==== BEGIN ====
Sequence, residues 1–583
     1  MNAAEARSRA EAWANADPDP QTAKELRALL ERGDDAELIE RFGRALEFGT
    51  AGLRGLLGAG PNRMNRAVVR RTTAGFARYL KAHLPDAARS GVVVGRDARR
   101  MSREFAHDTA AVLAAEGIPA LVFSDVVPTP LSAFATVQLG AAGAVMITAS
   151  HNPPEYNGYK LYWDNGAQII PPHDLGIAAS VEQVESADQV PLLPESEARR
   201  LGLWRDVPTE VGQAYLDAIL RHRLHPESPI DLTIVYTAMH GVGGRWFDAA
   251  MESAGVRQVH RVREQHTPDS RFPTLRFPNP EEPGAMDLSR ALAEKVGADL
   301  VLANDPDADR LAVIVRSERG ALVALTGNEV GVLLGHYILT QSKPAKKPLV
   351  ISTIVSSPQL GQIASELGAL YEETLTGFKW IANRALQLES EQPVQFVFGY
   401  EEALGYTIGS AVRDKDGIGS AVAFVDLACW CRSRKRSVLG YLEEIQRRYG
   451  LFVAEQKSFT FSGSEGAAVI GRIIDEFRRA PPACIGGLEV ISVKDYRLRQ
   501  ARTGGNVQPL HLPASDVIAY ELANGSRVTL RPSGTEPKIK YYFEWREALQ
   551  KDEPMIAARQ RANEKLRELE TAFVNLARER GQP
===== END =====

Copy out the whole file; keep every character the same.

Sequence, residues 1–583
     1  MNAAEARSRA EAWANADPDP QTAKELRALL ERGDDAELIE RFGRALEFGT
    51  AGLRGLLGAG PNRMNRAVVR RTTAGFARYL KAHLPDAARS GVVVGRDARR
   101  MSREFAHDTA AVLAAEGIPA LVFSDVVPTP LSAFATVQLG AAGAVMITAS
   151  HNPPEYNGYK LYWDNGAQII PPHDLGIAAS VEQVESADQV PLLPESEARR
   201  LGLWRDVPTE VGQAYLDAIL RHRLHPESPI DLTIVYTAMH GVGGRWFDAA
   251  MESAGVRQVH RVREQHTPDS RFPTLRFPNP EEPGAMDLSR ALAEKVGADL
   301  VLANDPDADR LAVIVRSERG ALVALTGNEV GVLLGHYILT QSKPAKKPLV
   351  ISTIVSSPQL GQIASELGAL YEETLTGFKW IANRALQLES EQPVQFVFGY
   401  EEALGYTIGS AVRDKDGIGS AVAFVDLACW CRSRKRSVLG YLEEIQRRYG
   451  LFVAEQKSFT FSGSEGAAVI GRIIDEFRRA PPACIGGLEV ISVKDYRLRQ
   501  ARTGGNVQPL HLPASDVIAY ELANGSRVTL RPSGTEPKIK YYFEWREALQ
   551  KDEPMIAARQ RANEKLRELE TAFVNLARER GQP